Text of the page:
|From:||Daniel Browning <db(at)kavod(dot)com>|
|Subject:||CTE optimization fence on the todo list?|
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I would like to have the option of disabling the CTE optimization fence for
certain CTEs and/or queries. Can that be added to the official todo list? If
not, why not?
I would find the option beneficial because large, complicated queries are
often a lot clearer, simpler, and easier to read with CTEs than the
equivalent query without CTEs. In some cases, the query with CTEs is also
faster because of the optimization fence. But in other cases, the fence
makes it a lot slower. In the latter cases, you are left with a choice
between ugly and slow.
If there was some method to disable the optimization fence for certain CTEs
or entire queries, then it would be possible to have the best of both
I apologize if this has already been covered before. I could only find two
earlier discussions on this topic:
In the latter, I counted four people would are in support of the general
idea: Robert Haas, Andres Freund, Gavin Flower, Justin Pitts. However, I'm
sure there are a lot of conflicting ideas on how exactly to go about it,
such as whether to enable or disable it by default, the specific syntax to
use, backwards compatibility, future-proofing, etc.
One good reason to reject it would be if it can't be done with SQL standard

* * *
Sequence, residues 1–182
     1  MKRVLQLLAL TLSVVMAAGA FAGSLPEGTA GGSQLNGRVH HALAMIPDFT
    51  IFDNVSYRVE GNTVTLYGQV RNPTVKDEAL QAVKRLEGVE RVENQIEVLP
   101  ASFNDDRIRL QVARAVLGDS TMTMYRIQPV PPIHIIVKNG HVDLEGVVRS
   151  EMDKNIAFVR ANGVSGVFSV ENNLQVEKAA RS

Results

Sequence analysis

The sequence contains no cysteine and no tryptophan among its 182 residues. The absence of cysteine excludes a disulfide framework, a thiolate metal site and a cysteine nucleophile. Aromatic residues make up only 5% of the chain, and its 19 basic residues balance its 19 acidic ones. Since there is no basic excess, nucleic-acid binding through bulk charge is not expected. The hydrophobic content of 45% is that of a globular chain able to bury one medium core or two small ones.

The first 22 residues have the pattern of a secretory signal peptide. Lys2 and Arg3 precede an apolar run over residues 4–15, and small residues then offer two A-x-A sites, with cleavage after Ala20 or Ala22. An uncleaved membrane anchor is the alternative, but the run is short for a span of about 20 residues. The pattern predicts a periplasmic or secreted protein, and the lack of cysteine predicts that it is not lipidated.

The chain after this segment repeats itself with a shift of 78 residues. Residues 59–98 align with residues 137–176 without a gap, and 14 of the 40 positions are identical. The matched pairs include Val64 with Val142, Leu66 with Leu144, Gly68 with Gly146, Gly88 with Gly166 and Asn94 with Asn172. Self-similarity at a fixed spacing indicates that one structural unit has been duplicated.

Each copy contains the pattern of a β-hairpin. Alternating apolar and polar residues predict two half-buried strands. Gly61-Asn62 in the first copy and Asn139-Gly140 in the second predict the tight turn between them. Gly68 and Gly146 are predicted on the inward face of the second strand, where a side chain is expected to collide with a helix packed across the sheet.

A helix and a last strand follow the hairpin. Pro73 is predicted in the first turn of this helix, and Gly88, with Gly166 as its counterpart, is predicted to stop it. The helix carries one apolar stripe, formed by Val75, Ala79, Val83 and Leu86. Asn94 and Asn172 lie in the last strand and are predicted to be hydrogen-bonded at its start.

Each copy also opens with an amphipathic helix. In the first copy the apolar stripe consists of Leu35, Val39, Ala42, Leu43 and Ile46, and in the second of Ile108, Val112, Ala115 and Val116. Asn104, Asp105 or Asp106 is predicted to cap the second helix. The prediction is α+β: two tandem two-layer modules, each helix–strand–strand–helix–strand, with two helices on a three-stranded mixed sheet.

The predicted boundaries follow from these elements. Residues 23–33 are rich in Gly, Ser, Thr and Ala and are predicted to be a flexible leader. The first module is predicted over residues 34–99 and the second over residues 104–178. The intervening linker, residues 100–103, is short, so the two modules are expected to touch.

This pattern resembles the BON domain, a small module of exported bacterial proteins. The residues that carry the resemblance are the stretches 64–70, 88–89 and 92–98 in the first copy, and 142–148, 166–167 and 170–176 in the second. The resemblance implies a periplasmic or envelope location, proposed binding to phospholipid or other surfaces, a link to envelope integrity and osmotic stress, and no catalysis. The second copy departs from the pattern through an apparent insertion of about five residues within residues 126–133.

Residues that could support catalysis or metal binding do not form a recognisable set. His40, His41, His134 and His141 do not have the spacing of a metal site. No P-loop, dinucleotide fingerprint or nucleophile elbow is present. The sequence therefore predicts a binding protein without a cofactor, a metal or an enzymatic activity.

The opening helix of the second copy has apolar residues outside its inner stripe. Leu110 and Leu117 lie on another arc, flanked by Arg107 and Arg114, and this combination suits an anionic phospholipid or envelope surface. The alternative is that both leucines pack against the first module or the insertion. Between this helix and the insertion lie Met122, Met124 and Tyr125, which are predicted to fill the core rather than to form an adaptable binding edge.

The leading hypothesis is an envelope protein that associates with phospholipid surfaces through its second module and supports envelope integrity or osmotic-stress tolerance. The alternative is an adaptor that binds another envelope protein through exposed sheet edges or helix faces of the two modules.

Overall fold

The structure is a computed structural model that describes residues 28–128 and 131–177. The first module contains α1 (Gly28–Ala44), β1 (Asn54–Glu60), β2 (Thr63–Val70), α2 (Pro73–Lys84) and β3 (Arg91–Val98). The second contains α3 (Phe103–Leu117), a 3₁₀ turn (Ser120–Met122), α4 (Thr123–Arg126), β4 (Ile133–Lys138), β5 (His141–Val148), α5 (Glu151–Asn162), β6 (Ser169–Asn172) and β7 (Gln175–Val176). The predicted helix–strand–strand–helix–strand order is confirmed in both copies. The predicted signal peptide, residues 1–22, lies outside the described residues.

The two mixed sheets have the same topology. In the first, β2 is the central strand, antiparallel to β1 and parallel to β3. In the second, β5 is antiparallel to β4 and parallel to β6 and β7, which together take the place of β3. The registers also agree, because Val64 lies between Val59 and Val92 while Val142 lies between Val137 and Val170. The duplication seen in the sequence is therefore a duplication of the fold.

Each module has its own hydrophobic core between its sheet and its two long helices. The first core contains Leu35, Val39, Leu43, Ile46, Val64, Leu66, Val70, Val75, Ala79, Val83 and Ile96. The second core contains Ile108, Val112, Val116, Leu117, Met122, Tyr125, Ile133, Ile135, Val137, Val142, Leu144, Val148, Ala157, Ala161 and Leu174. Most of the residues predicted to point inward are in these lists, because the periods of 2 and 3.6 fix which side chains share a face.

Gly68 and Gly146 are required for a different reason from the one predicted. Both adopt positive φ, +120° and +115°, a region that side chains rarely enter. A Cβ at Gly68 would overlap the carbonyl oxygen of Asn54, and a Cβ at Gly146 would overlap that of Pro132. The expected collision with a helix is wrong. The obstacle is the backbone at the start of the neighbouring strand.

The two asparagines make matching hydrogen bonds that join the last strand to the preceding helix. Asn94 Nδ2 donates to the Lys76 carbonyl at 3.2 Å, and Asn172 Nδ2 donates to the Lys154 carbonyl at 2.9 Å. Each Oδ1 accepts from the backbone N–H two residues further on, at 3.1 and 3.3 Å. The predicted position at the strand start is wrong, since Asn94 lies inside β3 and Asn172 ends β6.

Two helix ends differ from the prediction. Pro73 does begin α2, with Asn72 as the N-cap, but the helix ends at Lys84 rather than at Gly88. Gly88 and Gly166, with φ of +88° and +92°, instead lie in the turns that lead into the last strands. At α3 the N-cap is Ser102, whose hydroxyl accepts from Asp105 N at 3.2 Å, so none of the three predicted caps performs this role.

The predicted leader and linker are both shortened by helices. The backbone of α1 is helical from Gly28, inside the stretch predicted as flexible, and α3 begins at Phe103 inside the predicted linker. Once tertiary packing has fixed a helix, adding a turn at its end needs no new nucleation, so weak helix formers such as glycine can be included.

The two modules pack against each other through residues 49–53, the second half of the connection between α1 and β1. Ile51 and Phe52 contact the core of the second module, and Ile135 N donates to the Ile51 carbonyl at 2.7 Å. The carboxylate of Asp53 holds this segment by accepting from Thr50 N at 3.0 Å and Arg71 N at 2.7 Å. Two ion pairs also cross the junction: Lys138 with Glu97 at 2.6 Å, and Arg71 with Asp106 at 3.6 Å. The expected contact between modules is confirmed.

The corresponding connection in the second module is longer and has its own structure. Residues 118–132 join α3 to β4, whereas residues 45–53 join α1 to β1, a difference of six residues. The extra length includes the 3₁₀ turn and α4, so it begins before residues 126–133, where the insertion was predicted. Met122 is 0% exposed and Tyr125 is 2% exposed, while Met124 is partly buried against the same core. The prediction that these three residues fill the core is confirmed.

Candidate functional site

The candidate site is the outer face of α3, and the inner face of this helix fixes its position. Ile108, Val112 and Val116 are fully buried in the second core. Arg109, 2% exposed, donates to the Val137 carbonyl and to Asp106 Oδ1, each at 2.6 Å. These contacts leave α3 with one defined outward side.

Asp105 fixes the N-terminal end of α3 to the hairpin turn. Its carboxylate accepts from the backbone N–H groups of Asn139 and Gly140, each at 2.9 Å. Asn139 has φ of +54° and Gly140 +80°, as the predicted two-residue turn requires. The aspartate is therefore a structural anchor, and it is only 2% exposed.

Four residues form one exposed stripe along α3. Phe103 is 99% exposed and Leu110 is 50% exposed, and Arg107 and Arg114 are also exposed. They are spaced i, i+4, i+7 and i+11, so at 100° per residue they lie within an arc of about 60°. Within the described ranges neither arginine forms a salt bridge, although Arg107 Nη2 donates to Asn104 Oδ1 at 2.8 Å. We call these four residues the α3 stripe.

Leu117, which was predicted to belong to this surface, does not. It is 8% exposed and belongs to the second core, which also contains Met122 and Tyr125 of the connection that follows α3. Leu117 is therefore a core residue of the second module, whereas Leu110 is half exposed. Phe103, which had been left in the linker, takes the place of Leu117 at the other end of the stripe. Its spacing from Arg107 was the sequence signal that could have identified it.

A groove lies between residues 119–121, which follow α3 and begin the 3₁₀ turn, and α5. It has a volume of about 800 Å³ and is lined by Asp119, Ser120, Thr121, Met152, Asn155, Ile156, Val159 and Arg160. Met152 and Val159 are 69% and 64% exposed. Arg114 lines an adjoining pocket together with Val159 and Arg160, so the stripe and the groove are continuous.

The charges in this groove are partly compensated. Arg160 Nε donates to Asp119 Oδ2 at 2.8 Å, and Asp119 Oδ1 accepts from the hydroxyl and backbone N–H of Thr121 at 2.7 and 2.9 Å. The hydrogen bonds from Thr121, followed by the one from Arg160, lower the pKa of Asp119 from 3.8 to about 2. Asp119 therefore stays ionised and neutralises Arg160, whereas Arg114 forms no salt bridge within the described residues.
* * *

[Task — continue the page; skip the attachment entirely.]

syntax and would require some sort of PG-specific hint or GUC variable for
the query planner. If so, then I understand that it's opposed for all the
same reasons that hints are opposed in general.
Another good reason to reject it might be because the only way to disable
the CTE fence is to disable it by default. If that were the case, then I
would imagine that it would break backwards compatibility, especially in the
case of writable CTEs that currently depend on the fence for their current
functionality. If there is no way to palatably enable it by default but
allow certain CTEs or certain queries to disable it, then I don't see any
way around that problem.
A third reason I can imagine is that the only desirable solution (e.g. the
one without additional non-standard keywords or session GUC variables) is
effectively impossible. For example, if it requires that the query planner
determine definitively whether a CTE is read only or not, that may be a
bridge too far.
A fourth possible reason is that the core team feels that CTEs do not
improve readability, or that any such readability benefits are not worth the
effort to support the option. Personally, I feel that the queries which
could most benefit from the readability of CTEs are precisely the same ones
that could most often benefit from the performance increase of disabling the
fence (particularly if it could be done on a per-CTE basis rather than for
the whole query at once).
Of course the real reason could be something else entirely, hence this post.
Thanks in advance for your feedback.
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